4.6.3 Biochemical processing
Biochemical processes rely on the use of microorganisms to convert biomass into more useful forms of bioenergy. Processes include anaerobic digestion, fermentation and enzymatic conversion.
Anaerobic digestion (AD), is digestion in the absence of air. In this process, bacteria break down organic material into sugars and then into various organic acids, which are further decomposed to produce biogas. The feedstock may include dung or sewage, food processing wastes or discarded food, agricultural residues or specially grown silage crops that are harvested green. Digestion can take place in either wet or dry systems.
The biogas produced can be burned to produce heat or used to fuel an internal combustion engine to drive a generator for electric power.
At present, the majority of the UK’s anaerobic digestion capacity is in the landfill sector, as much of municipal solid waste is of biological origin, and its disposal in landfill sites provides conditions for anaerobic digestion to occur naturally. The gas is mainly used for electricity generation.
Municipal Solid Waste can also be subject to more controlled anaerobic digestion, enabling much higher and quicker gas yields.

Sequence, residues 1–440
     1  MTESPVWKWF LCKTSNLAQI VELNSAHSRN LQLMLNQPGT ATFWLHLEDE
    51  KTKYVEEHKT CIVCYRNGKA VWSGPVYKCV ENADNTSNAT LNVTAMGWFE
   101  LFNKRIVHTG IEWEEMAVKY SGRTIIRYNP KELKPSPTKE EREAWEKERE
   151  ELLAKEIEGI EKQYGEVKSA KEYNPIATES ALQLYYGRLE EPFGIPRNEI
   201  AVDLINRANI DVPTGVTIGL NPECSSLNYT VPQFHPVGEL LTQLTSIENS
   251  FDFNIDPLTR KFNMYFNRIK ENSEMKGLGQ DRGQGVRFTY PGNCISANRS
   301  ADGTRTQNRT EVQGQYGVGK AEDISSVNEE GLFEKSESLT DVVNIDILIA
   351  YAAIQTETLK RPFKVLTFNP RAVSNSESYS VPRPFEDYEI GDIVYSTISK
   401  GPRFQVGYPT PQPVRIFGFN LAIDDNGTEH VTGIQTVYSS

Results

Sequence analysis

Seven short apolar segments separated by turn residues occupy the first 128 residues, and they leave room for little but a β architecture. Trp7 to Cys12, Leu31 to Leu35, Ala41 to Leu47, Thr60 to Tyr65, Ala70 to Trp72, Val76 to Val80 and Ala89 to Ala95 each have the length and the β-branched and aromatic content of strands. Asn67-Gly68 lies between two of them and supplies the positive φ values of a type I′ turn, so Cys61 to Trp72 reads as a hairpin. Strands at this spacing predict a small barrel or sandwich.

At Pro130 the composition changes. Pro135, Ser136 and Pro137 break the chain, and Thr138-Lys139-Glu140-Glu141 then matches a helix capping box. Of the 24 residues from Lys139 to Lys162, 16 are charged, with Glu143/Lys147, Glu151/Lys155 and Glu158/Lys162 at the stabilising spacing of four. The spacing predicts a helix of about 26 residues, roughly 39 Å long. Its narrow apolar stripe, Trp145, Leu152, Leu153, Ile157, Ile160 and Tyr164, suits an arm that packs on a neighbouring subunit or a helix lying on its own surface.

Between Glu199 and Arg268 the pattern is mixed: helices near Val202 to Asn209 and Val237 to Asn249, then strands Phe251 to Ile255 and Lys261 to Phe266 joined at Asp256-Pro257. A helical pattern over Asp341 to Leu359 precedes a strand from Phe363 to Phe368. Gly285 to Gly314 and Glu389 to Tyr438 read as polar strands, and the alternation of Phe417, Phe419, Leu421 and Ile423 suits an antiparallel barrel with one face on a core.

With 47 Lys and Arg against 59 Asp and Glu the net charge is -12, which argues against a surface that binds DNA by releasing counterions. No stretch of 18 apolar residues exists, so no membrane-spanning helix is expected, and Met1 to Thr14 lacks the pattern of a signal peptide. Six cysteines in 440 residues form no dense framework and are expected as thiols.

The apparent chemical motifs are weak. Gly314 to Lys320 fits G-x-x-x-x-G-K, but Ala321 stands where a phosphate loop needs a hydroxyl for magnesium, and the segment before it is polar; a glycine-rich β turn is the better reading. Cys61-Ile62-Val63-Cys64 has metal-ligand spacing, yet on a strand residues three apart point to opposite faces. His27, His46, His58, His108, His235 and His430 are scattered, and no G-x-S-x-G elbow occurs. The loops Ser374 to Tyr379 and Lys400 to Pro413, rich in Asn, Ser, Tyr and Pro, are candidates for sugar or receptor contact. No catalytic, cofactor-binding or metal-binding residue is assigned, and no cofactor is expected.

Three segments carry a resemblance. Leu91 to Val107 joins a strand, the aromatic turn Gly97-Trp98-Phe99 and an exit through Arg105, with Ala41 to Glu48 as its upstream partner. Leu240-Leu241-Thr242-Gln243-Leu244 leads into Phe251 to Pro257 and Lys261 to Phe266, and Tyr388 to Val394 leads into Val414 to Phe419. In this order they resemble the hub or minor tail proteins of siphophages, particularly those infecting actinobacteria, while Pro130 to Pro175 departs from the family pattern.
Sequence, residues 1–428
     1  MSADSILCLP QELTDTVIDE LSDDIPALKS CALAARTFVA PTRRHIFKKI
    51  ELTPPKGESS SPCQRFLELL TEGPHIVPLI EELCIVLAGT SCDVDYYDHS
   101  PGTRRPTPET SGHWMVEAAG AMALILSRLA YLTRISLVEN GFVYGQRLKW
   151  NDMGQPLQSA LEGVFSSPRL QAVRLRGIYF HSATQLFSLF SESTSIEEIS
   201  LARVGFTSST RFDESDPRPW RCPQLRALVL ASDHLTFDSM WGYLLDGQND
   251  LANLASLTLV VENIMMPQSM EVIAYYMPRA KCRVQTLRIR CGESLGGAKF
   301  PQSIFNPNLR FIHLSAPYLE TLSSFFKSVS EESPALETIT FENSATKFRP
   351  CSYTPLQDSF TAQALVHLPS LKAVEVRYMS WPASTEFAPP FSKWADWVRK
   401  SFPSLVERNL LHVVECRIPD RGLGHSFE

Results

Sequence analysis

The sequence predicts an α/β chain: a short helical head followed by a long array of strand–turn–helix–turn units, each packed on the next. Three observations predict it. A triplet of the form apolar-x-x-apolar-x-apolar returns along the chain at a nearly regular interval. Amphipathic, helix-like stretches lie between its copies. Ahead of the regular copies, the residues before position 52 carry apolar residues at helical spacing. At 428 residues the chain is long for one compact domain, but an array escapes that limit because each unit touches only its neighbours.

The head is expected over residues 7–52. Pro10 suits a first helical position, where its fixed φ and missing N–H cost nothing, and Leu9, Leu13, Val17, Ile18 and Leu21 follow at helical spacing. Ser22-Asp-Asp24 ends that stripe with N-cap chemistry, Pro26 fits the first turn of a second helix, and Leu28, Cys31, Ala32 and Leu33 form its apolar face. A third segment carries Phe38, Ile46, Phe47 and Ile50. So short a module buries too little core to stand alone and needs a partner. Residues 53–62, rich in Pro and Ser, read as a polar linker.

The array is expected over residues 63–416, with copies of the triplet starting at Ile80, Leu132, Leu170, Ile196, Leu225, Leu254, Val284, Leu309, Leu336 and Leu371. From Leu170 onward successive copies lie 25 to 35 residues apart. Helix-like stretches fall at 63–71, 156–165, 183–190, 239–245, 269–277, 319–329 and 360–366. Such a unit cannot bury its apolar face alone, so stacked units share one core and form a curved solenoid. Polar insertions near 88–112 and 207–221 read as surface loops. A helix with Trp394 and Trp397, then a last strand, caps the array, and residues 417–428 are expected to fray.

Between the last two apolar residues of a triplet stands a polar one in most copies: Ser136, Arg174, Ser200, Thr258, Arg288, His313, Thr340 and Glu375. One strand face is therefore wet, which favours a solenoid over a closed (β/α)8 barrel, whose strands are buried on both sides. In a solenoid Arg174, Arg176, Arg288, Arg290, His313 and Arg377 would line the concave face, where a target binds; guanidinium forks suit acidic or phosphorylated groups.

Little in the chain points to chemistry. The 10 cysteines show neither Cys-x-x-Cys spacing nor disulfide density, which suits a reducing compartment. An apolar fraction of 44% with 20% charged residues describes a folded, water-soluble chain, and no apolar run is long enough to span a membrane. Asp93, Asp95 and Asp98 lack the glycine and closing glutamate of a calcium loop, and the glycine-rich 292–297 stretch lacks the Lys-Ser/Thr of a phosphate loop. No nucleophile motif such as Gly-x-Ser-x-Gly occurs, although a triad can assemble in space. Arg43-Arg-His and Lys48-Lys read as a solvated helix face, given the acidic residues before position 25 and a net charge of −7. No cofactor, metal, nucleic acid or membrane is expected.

Fermentation to produce ethanol
Here the simple sugars from the biomass feedstock are converted to ethanol and carbon dioxide by the action of a different set of microorganisms, usually yeasts. The ethanol is then separated from other components using heat to distil the mixture, so that the ethanol boils off and can then be cooled and condensed back to liquid.
Fermentation to produce ethanol requires some form of soluble sugar, but much biomass consists mainly of cellulose, hemicellulose and lignin. Following a pre-treatment of such material by, for example, hydrothermal processing, the watery suspension of cellulose and hemicellulose that results can be treated with enzymes These biological catalysts are usually derived from microorganisms such as bacteria or fungi, and can break down the cellulose and hemicellulose to simpler carbohydrates that can be used in traditional fermenters.
Such combinations of thermochemical and enzymatic conversion processes that allow cellulosic biomass to be used for the production of ethanol are now termed advanced or second/next generation bioethanol technologies. They can increase supply of feedstocks while avoiding competition with food or fodder supply and more easily meet bioenergy sustainability standards.
An schematic view of a pilot-scale second generation plant set up by Inbicon in Kalundborg, Denmark (Inbicon, 2010) is shown in Figure 11.
We now move on to discuss the environmental impacts of bioenergy.